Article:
Have you ever had a relationship so intense that you have to live on opposite sides of the country?
If you have, you’ll understand why the Yukon’s Kim Barlow, a renowned cellist and banjo player, likes to keep 8,000 km between her and her Spring Breakup collaborator, former Ontarian now Newfoundland resident Matthias Kom, the lead singer and ukelele player of The Burning Hell.
As Spring Breakup they combine their immense songwriting talent to find the lighter side of some dark subjects. Their new album, It’s Not You, It’s Me, is a collection of songs gathered from true life breakup stories Kom and Barlow collected, retold with their considerable wit.
The songs build on the seeming mismatch of Barlow and Kom’s voices – Barlow’s light, higher pitch contrasting sharply with Kom’s deep, melancholic voice which dives into the sombre Leonard Cohen depths. This combination could get depressing fast.
But it’s their approach to this emotionally dark subject that stands out. The songs are largely on Jamaican acoustic mento music, a precursor to reggae and ska with a similar sound to calypso, along with folk, country, and “melodramatic popular song” (as described on their Myspace page).
“It’s Not Me, It’s You” takes all the clichés of doomed love affairs and inverts them. After some amusing breakup stories, they advise, “Nobody wants to hear lies/Just look right in their eyes and tell them/It’s not me, it’s you/It might be cruel but at least it’s true.”
All this is sung over a jaunty Jamaican syncopated beat with a banjo solo. It’s a breakup you can dance to.
Kom and Barlow switch writing duties, each writing half the songs, showing off Kom’s frequent wordplay and internal rhymes and Barlow’s melodies and imagery. They also break up the vocals, often exchanging lines like characters in conversation.
In “The Effect I Have on Women,” they commiserate over their being “too intimidating for dating.” In “Unprincipled” they take on the characters of a student-teacher romance. And each sings a version of “I’m Sorry That I Tried to Punch You in the Face,” giving both sides of the story.
The songs often linger in soft, acoustic melancholy, but there are faster ones, backed with a full band. “Never Eat Alone” is fast folk-rock, and “Puppy Dogs & Rainbows”, though a country-inspired waltz, is flushed out with full band sound.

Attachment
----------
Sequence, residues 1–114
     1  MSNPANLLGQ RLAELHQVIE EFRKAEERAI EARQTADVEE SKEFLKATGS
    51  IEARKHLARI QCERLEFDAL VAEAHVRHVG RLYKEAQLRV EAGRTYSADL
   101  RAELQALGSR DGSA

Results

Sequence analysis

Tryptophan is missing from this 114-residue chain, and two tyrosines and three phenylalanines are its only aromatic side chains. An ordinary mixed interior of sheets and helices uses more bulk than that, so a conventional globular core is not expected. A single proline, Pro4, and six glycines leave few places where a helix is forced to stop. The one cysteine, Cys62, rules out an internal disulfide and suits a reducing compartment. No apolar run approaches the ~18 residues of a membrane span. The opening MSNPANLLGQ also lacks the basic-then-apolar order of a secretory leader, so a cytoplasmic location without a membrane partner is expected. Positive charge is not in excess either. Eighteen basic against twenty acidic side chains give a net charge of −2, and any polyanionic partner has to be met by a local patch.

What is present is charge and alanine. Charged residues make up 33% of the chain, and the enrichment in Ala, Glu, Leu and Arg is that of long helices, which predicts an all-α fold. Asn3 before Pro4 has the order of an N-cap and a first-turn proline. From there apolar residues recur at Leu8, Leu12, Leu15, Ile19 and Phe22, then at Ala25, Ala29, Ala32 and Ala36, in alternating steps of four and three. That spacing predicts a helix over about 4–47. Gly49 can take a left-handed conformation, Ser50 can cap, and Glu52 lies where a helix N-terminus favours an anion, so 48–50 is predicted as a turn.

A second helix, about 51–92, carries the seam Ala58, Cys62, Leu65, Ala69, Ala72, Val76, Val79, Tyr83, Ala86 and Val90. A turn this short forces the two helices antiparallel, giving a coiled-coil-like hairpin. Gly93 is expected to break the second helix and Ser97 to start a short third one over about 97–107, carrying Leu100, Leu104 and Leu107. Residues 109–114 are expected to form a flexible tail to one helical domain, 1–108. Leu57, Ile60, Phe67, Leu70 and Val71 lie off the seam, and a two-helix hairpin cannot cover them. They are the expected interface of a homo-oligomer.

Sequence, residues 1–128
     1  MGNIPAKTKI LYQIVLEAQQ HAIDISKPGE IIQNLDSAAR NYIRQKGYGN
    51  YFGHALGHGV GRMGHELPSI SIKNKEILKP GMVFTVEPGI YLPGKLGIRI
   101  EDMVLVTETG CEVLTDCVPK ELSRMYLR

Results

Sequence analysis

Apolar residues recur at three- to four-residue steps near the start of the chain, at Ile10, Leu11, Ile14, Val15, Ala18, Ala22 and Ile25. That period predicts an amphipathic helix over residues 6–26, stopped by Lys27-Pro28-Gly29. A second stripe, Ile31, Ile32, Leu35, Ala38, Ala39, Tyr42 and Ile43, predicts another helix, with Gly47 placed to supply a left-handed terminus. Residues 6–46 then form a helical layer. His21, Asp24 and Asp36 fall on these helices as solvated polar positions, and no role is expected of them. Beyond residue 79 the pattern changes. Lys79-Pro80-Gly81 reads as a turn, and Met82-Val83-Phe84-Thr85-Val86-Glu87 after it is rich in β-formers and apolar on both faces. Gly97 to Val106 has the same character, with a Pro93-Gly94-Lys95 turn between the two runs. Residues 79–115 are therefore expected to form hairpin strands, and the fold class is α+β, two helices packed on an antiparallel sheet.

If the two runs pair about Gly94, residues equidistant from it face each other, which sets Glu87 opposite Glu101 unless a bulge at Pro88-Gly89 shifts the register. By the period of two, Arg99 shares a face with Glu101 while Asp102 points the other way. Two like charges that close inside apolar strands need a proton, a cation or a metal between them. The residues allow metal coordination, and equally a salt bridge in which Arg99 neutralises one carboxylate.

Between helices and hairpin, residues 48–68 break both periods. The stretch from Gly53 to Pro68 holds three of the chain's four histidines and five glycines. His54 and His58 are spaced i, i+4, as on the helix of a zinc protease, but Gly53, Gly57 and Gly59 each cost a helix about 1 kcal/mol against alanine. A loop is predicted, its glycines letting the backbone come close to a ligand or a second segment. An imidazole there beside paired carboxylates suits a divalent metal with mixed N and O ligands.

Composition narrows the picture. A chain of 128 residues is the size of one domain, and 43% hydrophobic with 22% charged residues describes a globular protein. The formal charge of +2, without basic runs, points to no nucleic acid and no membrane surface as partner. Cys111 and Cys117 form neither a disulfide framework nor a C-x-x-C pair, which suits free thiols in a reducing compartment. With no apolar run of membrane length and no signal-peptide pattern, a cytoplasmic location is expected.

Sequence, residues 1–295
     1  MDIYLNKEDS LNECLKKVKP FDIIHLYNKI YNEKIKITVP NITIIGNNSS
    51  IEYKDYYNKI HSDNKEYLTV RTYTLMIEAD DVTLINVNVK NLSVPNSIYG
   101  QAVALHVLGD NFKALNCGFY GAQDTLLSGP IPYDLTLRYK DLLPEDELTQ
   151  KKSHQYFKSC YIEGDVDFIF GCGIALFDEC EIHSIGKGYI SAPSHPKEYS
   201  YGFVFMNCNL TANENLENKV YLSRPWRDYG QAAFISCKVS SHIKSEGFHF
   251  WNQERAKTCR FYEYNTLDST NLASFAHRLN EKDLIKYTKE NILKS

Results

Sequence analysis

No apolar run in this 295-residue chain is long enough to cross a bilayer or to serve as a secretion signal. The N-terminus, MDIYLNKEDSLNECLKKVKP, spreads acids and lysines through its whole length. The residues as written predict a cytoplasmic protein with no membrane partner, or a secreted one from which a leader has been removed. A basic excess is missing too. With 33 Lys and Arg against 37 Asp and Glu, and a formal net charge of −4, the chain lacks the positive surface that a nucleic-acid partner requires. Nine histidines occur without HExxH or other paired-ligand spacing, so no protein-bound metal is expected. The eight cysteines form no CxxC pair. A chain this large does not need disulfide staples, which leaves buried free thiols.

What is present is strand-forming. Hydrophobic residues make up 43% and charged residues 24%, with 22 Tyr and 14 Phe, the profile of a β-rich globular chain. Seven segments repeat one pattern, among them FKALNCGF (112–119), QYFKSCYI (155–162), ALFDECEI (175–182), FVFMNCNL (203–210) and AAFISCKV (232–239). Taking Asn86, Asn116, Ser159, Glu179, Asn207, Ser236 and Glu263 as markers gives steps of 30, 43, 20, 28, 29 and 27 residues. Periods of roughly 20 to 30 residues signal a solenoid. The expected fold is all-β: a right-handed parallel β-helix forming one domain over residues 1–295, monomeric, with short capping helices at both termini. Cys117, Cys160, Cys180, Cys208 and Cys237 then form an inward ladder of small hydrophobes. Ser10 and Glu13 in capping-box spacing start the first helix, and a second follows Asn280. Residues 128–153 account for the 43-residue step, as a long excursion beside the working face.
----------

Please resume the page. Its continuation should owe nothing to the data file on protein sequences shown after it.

The CD is fantastic, bringing together diverse musical and lyrical styles from two performers whose talents are as vast the country they live on either side of. It’s a great addition to anyone’s CD collection.
Outstanding Tracks: “It’s Not Me, It’s You” and “Unprincipled”.
Kim Barlow: Saplings
After a period of feeling down (I wonder if collecting breakup stories may have played a part in that feeling), Kim Barlow was inspired to write some happy, optimistic songs, which she’s released as Saplings.
In many of these songs, Barlow draws inspiration from nature, looking for strength and hope.
“Pine Nut”, a song about a seed growing from ashes of a forest fire, stands out as a song of inspiration: “Nothing can stop me, nothing can stop me/From being the tree that I’m aiming to be/I will protect me, I’ll take care of me/The lovely tall swaying/The tree I will be.”
Barlow’s skill with winding, unusual lyrics is highlighted as well, as in “The Warming Shack”: “If you’ve recently fell through the ice/Or torn from encounters with wolves and wild boars/Come in.”
“Lions” shows that Barlow isn’t just a lyricist, she can write beautiful, original music. Bryden Baird’s subtle trumpet and flugelhorn never overpower the lyrics but still emphasize the melody on this song and the others he plays on.
Other songs feature Ryan Driver on synthesizer, adding the sort of electronic effects that Barlow experimented in Father Daughter, her collaboration with sound artist Jordy Walker. The effects are quiet again, strengthening the melodies by adding unexpected sounds to the rhythms.
Saplings can be seen as the flipside of Spring Breakup’s It’s Not You, It’s Me. These are songs of love and strength. The music is deceptively light and the arrangements more subtle. There may not be as much wit and wordplay, but these songs don’t need them. Like the tree in “Pine Nut,” they stand tall on their own.
Outstanding Tracks: “Lions”and “Jenny & the Whale (No. 2)”
Spring Breakup plays at the Jarvis Street Saloon (the old 2-0-2) on Monday, Feb. 7 and the following night at the Legion Hall in Dawson City, with klezmer accordionist Geoff Berner and the Yukon’s own Old Cabin. Kim Barlow will also appear at the Yukon Arts Centre on Thursday and Friday, Feb. 10 and 11 as part of the Stolen from a Hockey Card event.